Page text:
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Man ‘collared’ by police in Auckland Airport departure lounge after relationship with Nelson 13-year-old

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The 24-year-old in a sexual relationship with a 13-year-old was caught in the departure lounge at Auckland International Airport, about to board a flight to China. Photo / Richard Robinson

The parents of a young teenage girl have spoken of the “incalculable damage” done to their family by a man who “lulled her into a sexual trap”.

Kwan Loong Lee, who was 24 at the time of his arrest last May, was caught in the departure lounge at Auckland International Airport as he was about to board a flight to China.

Today Lee was slumped in the dock, his head hung low, his eyes closed, as he was sentenced to nine months of home detention in the Nelson District Court.

He was now also a registered sex offender having been convicted on two charges of sexual connection with a young person aged 12 to 16.

Lee and the victim had embarked on what was described in the summary of facts as a consensual sexual relationship for about two months before the victim’s parents found out and the police were notified.

“He was collared trying to do a runner,” Crown prosecutor Jeremy Cameron said.

Sentencing began with a tear-stained reading from the victim’s father about the impact on the family, whom he loved with “every fibre of [his] being”.

“To find out my 13-year-old daughter had been groomed was devastating.”

The father said his daughter’s innocence was violated by a 24-year-old man they had come to know as “Nicholas” and that he struggled with how to solve the problem without pushing his daughter away, who considered [the offender] “the love of her life”.

“I cry myself to sleep, I blame myself for being a bad parent. I imagine her running away with ‘Nicholas’,” the victim’s father said.

The victim’s mother said in a statement read on her behalf by the Crown, that the family had immigrated to New Zealand thinking they would be safe from harm.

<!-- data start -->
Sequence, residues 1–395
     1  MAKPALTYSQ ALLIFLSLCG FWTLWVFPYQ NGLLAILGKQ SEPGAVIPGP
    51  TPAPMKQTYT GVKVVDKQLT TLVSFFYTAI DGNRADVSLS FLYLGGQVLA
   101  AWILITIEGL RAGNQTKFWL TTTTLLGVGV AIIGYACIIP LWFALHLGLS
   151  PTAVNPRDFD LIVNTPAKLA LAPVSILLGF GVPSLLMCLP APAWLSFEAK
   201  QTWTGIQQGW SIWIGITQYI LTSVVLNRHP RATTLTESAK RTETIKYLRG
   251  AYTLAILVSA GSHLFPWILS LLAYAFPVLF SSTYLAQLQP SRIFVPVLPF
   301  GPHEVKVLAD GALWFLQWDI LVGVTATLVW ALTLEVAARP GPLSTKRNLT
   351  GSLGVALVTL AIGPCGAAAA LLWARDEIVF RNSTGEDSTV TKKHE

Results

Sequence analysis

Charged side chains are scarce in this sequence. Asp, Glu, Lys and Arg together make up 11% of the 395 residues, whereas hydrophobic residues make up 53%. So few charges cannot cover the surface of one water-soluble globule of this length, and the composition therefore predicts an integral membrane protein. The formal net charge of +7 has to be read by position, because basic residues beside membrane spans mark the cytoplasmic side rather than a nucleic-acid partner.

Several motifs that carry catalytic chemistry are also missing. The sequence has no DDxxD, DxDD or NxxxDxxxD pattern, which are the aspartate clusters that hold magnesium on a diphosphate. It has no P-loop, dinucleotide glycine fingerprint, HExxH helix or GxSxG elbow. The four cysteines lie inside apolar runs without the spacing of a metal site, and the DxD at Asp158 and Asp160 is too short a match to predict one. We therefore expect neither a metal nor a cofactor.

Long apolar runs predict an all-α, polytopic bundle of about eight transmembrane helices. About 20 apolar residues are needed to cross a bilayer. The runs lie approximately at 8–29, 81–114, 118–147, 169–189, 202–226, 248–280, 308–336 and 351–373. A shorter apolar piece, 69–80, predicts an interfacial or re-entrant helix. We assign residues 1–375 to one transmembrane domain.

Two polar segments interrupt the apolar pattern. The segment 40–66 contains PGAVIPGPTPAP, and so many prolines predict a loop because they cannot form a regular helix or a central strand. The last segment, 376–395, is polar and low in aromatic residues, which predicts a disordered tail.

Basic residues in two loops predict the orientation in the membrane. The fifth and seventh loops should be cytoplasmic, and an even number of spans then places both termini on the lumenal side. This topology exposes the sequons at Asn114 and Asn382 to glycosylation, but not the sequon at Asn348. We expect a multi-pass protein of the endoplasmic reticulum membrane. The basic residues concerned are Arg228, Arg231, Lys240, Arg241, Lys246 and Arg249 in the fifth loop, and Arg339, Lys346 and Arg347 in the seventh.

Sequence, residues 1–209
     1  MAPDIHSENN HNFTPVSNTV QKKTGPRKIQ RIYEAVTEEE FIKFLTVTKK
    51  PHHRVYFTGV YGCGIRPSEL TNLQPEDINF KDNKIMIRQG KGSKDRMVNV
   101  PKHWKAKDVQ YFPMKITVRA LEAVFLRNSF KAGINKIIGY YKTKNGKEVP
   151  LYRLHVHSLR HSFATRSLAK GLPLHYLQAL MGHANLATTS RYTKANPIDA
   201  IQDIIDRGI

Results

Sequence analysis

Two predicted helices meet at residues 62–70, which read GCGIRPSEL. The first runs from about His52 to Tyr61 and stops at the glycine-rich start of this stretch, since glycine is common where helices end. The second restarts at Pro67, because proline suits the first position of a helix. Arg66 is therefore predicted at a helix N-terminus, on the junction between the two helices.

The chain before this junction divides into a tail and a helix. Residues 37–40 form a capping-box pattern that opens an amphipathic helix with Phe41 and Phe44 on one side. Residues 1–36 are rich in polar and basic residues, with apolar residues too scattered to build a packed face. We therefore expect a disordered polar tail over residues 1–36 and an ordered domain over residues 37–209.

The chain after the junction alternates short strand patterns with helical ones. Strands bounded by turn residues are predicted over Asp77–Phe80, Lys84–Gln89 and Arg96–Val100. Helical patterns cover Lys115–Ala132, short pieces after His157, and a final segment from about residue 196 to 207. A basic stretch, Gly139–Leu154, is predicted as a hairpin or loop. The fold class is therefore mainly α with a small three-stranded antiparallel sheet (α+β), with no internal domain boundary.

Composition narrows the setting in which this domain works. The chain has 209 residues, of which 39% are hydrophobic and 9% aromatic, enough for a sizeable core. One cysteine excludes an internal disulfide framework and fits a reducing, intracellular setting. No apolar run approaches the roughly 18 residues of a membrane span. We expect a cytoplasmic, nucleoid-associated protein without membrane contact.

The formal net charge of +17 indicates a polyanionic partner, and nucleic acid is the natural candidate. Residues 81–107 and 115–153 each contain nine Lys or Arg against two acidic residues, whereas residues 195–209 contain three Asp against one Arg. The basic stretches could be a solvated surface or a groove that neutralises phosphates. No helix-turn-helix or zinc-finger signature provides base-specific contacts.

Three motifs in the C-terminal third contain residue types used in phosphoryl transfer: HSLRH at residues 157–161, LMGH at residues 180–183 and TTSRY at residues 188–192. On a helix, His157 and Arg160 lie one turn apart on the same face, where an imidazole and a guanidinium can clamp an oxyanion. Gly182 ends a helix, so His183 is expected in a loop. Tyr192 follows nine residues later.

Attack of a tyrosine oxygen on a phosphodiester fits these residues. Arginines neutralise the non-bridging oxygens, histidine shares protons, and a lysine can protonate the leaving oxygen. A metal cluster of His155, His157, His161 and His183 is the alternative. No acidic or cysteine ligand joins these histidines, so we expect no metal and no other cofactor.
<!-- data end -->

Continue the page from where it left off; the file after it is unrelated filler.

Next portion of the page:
She said the repercussions would last a long time, and that the relationship she had shared with her daughter had been fundamentally changed.

“Our daughter was led into a sexual trap by this young man, ‘Nicholas’.

“Once a cup is dropped and broken it can never be put back the same,” the victim’s mother said.

After the pair met in 2022 they began communicating, leading to a total of 7093 messages found by police on the victim’s phone, from April 28 until May 26 last year.

Police said Lee was “clearly aware” the victim was school-aged because the word “school” was featured in the messaging 55 times.

Late at night on May 1 last year, Lee messaged the victim to say he was threatened with being reported to the police for paedophilia because he was “dating a minor”.

Later that night they met in Lee’s vehicle and had intercourse.

In the early hours of May 25, they met up again.

The victim became concerned she could become pregnant and told her school counsellor, who notified her parents, who then went to the police.

Later that day, the victim sent Lee the message: “My Dad found out and he wants to go to the police so u better stay away from me and our house”.

Lee didn’t respond but on May 31 he was arrested at the Auckland International Airport.

“He was in the departure lounge, after checking in, five days after police had informed him of the alleged offending,” Cameron said.

He said it was pre-meditated offending that involved grooming by a man 11 years older than the victim and that had persisted over time.

Lee’s lawyer Jackie Van Schalkwyk said Lee knew what he had done was wrong, that the charges were serious and that he understood the harm caused to the victim and her parents, for which he was “deeply sorry”.

Judge Tony Zohrab said he had gone into what he described as a “legally abusive relationship” with his eyes open, but Van Schalkwyk said his decision-making had been coloured by a past that was too sensitive to reveal in open court.

Judge Zohrab said the victims’ statements underscored the problems created by the offender’s selfish behaviour, and it was a fair assessment that the harm caused was incalculable.

He said the parents had been placed in a conflicted situation because of the need to help their daughter, who was too young to understand or cope with what was happening.

Lee was given credit for his early guilty pleas, and for factors in his adolescent life that might have contributed to his behaviour but his claim of remorse was dampened by his attempt to leave the country.

Lee was also ordered to pay $3000 in emotional harm reparation, half of which was to be paid up-front and the balance over time.

Tracy Neal is a Nelson-based Open Justice reporter at NZME. She was previously RNZ’s regional reporter in Nelson-Marlborough and has covered general news, including court and local government for the Nelson Mail.

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